A rare and detailed battle plan of the city and surroundings of Savannah Georgia. This map appeared in “The Monthly Military Repository, Respectfully Inscribed to the Military of the United States of America.” The “Repository” is an interesting early work. It was published in parts over a span of two years. Smith included instruction on military strategy, conduct, and clothing, extracting from histories of European wars and descriptions of American Revolutionary battles. Most of the descriptions for the American battles were taken from the writings of Baron Steuben and Gen. Horatio Gates. Included were a series of revolutionary battle plans based on those published in London by William Faden. This particular map was engraved by Charles B. J. F. Saint-Memin. Almost all the recorded copies of “Repository” are incomplete, lacking one or more maps.

Georgia, from the latest Authorities. Published by Mathew Carey, Philadelphia. Copper plate engraving, 1795. Images size 8 7/8 x 15 5/8 inches, plus margins. Good condition save for small area of paper fill in upper left margin, not affecting the image. Black & white. LINK/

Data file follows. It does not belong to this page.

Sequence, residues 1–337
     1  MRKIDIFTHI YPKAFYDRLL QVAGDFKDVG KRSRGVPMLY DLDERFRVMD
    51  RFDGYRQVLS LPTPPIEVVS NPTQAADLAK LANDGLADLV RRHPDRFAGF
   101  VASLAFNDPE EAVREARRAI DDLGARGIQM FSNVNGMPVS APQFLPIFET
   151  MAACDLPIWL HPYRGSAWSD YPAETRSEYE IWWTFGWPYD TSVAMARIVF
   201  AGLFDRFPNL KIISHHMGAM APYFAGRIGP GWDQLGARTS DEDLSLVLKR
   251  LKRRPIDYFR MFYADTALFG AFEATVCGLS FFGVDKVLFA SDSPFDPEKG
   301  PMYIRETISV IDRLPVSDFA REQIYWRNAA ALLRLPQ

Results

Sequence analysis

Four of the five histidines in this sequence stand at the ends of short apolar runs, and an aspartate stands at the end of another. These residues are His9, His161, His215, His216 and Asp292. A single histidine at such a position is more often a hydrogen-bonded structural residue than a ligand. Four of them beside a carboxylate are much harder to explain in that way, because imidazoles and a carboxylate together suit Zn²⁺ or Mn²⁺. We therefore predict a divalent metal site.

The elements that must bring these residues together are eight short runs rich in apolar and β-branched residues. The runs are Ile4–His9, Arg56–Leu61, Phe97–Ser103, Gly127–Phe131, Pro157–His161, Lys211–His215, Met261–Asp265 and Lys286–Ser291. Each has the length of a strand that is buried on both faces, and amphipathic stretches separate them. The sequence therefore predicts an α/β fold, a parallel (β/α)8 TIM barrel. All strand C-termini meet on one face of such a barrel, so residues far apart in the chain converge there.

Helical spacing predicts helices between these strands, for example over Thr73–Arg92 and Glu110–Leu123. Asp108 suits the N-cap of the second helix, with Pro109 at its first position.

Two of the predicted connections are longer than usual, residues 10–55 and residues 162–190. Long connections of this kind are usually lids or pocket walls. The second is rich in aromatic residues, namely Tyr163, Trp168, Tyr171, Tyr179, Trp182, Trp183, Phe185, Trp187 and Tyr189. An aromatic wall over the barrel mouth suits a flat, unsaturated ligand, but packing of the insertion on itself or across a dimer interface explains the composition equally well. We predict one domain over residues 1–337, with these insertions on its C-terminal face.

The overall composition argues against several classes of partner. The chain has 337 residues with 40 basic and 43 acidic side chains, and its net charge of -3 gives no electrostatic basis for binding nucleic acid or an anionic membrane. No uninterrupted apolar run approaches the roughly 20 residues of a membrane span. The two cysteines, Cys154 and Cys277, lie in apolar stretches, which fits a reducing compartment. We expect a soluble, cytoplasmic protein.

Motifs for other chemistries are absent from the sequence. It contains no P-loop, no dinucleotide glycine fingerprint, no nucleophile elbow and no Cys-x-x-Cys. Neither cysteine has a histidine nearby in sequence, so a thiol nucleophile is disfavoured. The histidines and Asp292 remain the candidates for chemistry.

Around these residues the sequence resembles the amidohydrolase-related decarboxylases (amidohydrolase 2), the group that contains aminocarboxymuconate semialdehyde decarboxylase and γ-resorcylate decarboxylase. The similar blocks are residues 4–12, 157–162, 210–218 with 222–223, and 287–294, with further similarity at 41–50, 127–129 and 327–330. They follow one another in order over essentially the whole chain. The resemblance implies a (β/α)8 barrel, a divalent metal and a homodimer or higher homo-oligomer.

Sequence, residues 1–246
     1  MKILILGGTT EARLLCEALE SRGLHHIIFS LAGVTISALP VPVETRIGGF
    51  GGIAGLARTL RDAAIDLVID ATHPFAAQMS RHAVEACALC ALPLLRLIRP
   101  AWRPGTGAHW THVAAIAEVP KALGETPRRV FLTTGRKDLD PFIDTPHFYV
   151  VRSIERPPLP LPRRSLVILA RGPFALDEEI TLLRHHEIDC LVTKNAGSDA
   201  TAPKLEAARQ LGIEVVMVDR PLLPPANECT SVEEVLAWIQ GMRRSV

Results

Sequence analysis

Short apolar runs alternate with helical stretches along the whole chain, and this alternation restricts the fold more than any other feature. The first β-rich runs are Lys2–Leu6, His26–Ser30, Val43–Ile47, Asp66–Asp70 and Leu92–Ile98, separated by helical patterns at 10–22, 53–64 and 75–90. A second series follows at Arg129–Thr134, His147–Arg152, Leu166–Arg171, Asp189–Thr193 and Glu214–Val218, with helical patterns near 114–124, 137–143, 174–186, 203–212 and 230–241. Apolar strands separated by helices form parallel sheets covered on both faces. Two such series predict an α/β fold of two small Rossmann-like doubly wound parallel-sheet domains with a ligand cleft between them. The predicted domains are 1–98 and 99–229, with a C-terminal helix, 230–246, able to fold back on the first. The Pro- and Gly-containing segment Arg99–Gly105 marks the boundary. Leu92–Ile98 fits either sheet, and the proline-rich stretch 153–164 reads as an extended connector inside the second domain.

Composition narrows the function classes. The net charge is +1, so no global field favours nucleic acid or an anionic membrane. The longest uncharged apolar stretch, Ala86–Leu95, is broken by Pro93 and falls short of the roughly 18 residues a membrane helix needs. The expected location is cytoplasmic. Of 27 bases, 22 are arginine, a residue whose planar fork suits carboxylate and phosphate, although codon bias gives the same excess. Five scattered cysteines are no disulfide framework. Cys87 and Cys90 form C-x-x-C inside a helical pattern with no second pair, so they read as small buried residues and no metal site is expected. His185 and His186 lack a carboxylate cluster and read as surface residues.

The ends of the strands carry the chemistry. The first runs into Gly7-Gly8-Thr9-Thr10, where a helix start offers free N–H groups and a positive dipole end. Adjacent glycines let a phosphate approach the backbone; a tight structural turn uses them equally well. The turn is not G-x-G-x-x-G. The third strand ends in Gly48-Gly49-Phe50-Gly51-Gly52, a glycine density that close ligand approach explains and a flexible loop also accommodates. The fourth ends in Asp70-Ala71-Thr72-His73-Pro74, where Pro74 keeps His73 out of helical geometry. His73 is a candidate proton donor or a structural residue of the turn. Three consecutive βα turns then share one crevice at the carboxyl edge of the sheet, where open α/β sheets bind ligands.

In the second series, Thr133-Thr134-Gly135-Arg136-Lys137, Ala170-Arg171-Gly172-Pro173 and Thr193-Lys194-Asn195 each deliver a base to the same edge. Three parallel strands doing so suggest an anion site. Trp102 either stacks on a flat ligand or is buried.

Georgia, from the latest Authorities. Published by Mathew Carey, Philadelphia. Copper plate engraving, 1795. Images size 8 7/8 x 15 5/8 inches, plus margins. Good condition save for small area of paper fill in upper left margin, not affecting the image. Black & white. LINK.

Engraved by W. Barker for Carey’s “American Atlas…”, the earliest atlas of America produced in America. This is the first edition of one of the earliest obtainable maps of the state of Georgia. The state is shown extending to the Mississippi River and shows portions of East and West Florida and “Tennassee Government.” Noted prominently are native Indian tribes, Chicasaws, Chacataws, Cherokees, Natches, Seminoles and Creeks.